Our colder climate weather (in Canada) poses challenges for keeping rooms ambient for resin projects. Thanks to a recommendation from a 10 plus year resin artist, I bought a heating unit that works great in my application. The unit recommended is ideal for not blowing air into the space, and it self regulates the temperature. I have in-floor heat that keeps my basement space warm in the winter, however in the summer & warmer days, my basement studio has the in-floor heat off, so I require a space heater to keep it warm during the entire process, through to cure. I added the type of heater recommended to me at the bottom of the blog.
Occasionally people suggest using a heat type mat if working in a cold area. Some people have made set-ups for keeping their projects warm during cure. Ideas like using a plastic tub with a heating blanket underneath are not ideal, as it holds in the heat and can prematurely age the resin. We’ve seen well-meaning people getting creative putting heat lamps, space heaters, etc too close to their cups or other epoxy resin projects, trying to get them to dry faster. Keep in mind, sure, this will speed up the drying process... Not the curing.... but the drying. But these more direct heat methods could also cause pre mature yellowing on your projects. Please keep that in mind.
***Important note: Heating the whole room or work space area is great. Direct close contact heat is not ideal, & it is not the same thing.
Tip: Buy & regularly use an infrared thermometer. You can aim it directly down the neck of resin bottles (once lid removed), substrate, mould, etc., to see what the actual temperature is (instead of guessing or assuming). If you start to make notes of the information, you can track what works best for you, in your space (what works best is often different for each person, and remember weather changes can effect the way things are done too).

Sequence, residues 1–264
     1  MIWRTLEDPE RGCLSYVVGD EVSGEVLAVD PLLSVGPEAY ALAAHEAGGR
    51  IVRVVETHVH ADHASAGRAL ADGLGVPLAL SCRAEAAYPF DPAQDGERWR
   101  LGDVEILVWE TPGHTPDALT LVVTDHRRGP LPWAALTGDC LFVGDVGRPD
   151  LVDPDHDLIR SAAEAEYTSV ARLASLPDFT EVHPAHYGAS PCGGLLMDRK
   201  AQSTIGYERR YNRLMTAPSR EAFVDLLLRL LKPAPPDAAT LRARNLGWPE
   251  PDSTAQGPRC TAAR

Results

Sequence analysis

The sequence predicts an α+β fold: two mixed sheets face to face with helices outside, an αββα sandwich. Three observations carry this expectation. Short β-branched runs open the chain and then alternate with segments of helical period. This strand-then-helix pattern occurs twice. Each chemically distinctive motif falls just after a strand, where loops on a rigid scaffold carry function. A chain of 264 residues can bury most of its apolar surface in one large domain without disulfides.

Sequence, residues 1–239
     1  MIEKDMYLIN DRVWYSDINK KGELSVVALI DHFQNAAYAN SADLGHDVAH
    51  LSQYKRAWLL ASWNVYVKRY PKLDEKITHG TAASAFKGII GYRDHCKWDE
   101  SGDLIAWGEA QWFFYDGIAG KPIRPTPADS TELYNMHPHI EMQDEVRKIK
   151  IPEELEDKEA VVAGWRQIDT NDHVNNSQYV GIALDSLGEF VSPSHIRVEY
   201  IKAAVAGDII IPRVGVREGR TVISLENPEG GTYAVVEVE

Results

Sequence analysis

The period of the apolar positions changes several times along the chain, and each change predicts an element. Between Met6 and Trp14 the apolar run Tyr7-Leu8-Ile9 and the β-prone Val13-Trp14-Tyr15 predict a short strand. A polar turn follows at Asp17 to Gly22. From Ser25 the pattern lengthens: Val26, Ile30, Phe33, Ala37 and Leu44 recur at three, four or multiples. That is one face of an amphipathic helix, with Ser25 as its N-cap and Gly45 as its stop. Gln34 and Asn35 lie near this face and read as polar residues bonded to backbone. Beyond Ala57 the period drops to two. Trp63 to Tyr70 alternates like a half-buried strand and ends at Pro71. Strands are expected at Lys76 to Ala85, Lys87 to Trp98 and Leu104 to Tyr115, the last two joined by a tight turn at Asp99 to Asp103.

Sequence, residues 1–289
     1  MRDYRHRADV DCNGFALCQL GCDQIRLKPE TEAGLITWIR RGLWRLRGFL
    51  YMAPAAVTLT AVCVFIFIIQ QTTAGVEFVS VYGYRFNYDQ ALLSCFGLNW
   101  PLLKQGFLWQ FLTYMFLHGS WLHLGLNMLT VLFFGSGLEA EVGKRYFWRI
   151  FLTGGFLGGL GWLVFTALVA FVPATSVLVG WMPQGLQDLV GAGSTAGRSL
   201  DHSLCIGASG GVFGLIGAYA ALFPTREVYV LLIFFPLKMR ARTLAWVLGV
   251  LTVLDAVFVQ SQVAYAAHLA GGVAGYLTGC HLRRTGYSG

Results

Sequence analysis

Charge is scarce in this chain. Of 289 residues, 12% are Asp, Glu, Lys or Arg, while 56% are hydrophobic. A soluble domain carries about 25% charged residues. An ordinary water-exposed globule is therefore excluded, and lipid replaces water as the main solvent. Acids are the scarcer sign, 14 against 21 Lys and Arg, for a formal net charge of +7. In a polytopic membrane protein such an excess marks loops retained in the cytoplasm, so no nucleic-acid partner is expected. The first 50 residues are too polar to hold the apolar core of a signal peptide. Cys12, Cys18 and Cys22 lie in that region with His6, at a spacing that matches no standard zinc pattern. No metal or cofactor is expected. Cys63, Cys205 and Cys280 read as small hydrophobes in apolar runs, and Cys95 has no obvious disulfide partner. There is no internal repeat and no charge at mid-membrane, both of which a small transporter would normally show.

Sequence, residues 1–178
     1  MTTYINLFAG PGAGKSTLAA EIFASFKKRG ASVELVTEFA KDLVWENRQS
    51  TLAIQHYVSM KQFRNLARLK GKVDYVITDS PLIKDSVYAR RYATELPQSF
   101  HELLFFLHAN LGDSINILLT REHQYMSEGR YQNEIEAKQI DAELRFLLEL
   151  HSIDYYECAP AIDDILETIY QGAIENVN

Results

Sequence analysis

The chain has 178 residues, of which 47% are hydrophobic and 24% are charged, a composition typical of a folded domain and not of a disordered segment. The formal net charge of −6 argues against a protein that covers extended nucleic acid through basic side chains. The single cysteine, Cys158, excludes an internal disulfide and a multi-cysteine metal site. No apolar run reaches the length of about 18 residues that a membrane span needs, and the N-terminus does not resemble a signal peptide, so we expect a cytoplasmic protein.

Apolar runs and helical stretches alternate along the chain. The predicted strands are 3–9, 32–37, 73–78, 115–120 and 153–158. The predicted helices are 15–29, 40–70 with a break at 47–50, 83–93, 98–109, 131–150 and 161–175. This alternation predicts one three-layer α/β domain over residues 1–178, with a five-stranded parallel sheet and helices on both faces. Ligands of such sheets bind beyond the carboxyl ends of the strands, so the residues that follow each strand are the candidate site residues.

2. Sometimes people want to use one type of resin for every type of project, but depending on what projects you do, this may not give you the best results possible. A casting resin (we currently carry 4 different ones), is best used for creating projects in moulds. Three of the four casting resins we carry, are thin (like water) viscosity, which helps keep the bubbles to a minimum, and when bubbles are formed, they dissipate easier in the thinner resins. Thicker resins, like iCoat CT Countertop resin or iCoat MV resin, are great for wall art, doming projects, topcoating, and various shallow casting resin art creations, however thicker resins absolutely do have more bubbles. We have customers that do choose to use the top-coating resins (for their faster cure times), occasionally in moulds, but they should only be used for casting in less than 1/4" layers per session, (keeping In mind top-coating resins are meant to be used at about 1/8” depths). These customers have played with it enough to know how to reduce the bubbles ahead of time. The bubbles need to be able to travel up and out, and the thinner viscosities enable that better. Heating bottles of thicker resins ahead of time, can help minimize bubbles. Just be aware that when doing so, it also reduces your work time/pot life for the resin.